The finished shawl was wonderfully soft thanks to the alpaca and silk, and the slight sparkle in the coloured sections really catches the light :o)  I managed to finish it with just hours to spare, it might have still been a little damp from blocking when I wrapped it up! ;o)

Ravelry Project Link

Alice in Wonderland Spinning

April 15th, 2019

The wonderful Siobhans Crafts runs a monthly Disney fibre box.  I was very sad when I discovered I’d missed out on the first two, but very pleased that my first one was Alice in Wonderland themed! :o)  Apparently I was so excited to start playing with my fibre that I didn’t take a photo of everything together, so here’s her photo:

There’s a lovely batt in Alice blues, a Cheshire Cat pink braid, some wonderfully soft bunny fluff and wooden bunny button, and a cute little Drink Me bottle pouch :o)

It didn’t take long after opening the box fo me to begin spinning up that beautiful batt :o)

I opened it out and then tore it into 8 strips.  There’s a beautiful mix of colours in here, blues and whites, a few streaks of yellow for Alice’s hair.  There’s sparkle and shimmer and it’s oh so soft! :o)

I gave each strip a gentle draft and turned them into little nests ready for some easy spinning :o)


The fibre spun up beautifully and was ready in no time :o)

On to the Cheshire Cat.  I found the pinks to be just a little… girly… for my liking, so I grabbed a braid of purple merino I had to hand and used my blending board to make some cute rolags, blending in some of the fluffy angora fibre too! :o)


I spun these aiming for a sock-weight 2-ply and I think I just about managed it :o)

Here’s all of the yarns ready to be washed and finished :o)

Making the most of the good weather I hung the skeins all out on the washing line to dry :o)


After drying a quick measure tells me I’ve got about 130m of the Alice blue which weighs 66g, so about double-knit as expected.  I’m considering weaving with this, to make a light scarf :o)

The Cheshire Cat is not exaclty consistent… altogether there’s about 500m for 200g, so more double-knit than the fingering I was hoping for, but definitely varied.  Hopefully there’s enough to make the Cat Paw shrug I’ve been eyeing up, I’ll just need to do a swatch and some maths before I start! :o)

Breed Experiments – Washing Machine

March 13th, 2019

Part of the reason for these spinning experiments is to discover which fibres are okay going through the washing machine.  I know everyone will shout “None of them!” at me, but I have faith in the “Wool Wash” setting and what’s the worst that happens?

So here are the 8 fibre squares after a gentle soak and lying flat.  Each square is started with worsted, then swap to woolen half way, to test both preparations.  In these photos the woolen is on the left, worsted on the right.

Top row: BFL, Shetland, Corriedale, Charollais. Bottom row: Finnish, Falkland, Gotland, Polwarth.

I put them in the washing machine with all my hand knit socks on the usual wool wash setting, though I turned down the temperature to 30 degrees, the coldest it will go.  Some detergent but no conditioner (as I read recently that was bad for wool).  The results are… boring!  Nothing happened… everything came out clean and looking much as it started!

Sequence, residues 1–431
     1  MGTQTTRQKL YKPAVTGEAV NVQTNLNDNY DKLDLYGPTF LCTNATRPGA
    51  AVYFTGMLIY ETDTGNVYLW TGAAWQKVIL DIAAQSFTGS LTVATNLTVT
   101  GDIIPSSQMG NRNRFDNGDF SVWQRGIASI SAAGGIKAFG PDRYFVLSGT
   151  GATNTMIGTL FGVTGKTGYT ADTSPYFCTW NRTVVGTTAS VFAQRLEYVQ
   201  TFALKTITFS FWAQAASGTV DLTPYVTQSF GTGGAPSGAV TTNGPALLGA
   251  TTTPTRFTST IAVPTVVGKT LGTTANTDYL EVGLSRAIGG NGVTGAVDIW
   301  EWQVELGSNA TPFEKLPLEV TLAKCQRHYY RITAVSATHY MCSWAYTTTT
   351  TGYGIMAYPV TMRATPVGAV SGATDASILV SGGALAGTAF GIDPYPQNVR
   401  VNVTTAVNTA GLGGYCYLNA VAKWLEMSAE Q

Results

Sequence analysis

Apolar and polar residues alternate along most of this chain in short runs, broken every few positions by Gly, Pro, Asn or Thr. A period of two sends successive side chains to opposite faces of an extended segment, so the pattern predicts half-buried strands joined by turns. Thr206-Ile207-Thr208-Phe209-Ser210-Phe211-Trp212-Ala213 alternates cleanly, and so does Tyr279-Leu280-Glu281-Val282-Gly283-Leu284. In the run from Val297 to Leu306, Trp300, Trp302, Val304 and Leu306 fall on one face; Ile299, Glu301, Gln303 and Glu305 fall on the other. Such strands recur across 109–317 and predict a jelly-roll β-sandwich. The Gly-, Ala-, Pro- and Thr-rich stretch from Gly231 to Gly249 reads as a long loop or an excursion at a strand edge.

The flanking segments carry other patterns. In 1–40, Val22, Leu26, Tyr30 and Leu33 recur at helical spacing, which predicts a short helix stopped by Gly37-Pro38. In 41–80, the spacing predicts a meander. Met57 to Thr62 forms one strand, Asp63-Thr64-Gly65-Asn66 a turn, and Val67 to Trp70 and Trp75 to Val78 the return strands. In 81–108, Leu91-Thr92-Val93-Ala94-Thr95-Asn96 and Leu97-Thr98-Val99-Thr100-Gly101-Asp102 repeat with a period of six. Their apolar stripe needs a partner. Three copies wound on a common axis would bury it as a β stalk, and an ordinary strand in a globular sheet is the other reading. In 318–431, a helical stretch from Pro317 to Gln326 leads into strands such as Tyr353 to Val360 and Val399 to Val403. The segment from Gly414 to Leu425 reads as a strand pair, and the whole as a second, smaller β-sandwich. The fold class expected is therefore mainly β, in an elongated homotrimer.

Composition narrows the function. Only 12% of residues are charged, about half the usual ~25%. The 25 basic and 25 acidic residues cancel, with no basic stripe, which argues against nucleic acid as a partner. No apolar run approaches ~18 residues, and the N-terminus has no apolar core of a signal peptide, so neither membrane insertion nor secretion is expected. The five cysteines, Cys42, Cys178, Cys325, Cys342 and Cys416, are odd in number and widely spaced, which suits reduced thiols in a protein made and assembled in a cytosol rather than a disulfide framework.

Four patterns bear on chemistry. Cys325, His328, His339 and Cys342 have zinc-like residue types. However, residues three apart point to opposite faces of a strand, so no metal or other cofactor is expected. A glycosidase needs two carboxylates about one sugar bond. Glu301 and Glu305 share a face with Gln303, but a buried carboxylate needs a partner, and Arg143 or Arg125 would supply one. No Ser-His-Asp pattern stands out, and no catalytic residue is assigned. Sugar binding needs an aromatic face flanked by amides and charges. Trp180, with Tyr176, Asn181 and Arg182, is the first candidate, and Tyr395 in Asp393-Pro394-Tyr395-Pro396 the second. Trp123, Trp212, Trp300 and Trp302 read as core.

At this point I realised I wasn’t going to have quite enough yarn from the 8 I had spun for the cardigan, so I purchased 3 more braids which you’ve already seen.  Here are the initial swatches from those: Eider, Ile de France and Merino/Bamboo

Time to try the washing machine again, this time on the standard “Wool Wash” which runs at 40 degrees and has been washing our hand knit socks for years.  This time with fabric softener too.  The results?  Much the same!

The squares still show no signs of felting.  The stitches are all visible, the squares all maintain their stretchiness.  So, hooray for the washing machine, but it did make for rather an unexciting post!  I think I will keep throwing these in with each sock wash and see if there’s any interesting results over multiple washes in case some fibres do stand up better than others over time :o)

Breed Experiments – Merino 70/30 Bamboo

March 11th, 2019

The final braid from Ewenique Fibres was chosen because I knew it would be super soft and be a good choice for the collar of the cardigan I’m making with all these :o)

The fibre was a little hard to pre-draft but also very soft.  The bamboo fibres are quite “fly away” and wanted to stick to me!

The colour variations across the braid matched up pretty well in the worsted spinning, so you can see the variation.  The bamboo stands our against the purple as a lovely shimmery white.

As there wasn’t all that much variation in the colours I opted to just make 4 larger rolags of mixed colours for the woolen spin.

This second spin definitely blended the colours and fibres together more.  The finished yarn here is a mostly consistent colour and the bamboo shimmer is more contained.

Both fibres are super soft still, but I do like the way the bamboo blended in once in the rolags.  It was easier to spin too as I wasn’t getting the bamboo stuck to my hands/skirt/everywhere! :o)

Breed Experiments – Ile de France

March 11th, 2019

The second braid from Ewenique Fibres is this Ile de France.  The peach colour is a little out of character with the rest of my yarns, but I think it will be okay :o)

The fibre was quite a challenge to pre-draft, but then it spun up very nicely and consistently :o)

I even managed to line up the colours pretty well across the two halves!

On the blending board with the second half I split the colours:

There was a little extra fibre left, I’m not sure how I missed it when I was making these, hence the 7th muddled one!  I only managed 6 rolags as the fibre was quite challenging to work with.

Somehow I completely failed to line up the colours even though it looked perfect on the bobbins!  Oh well :o)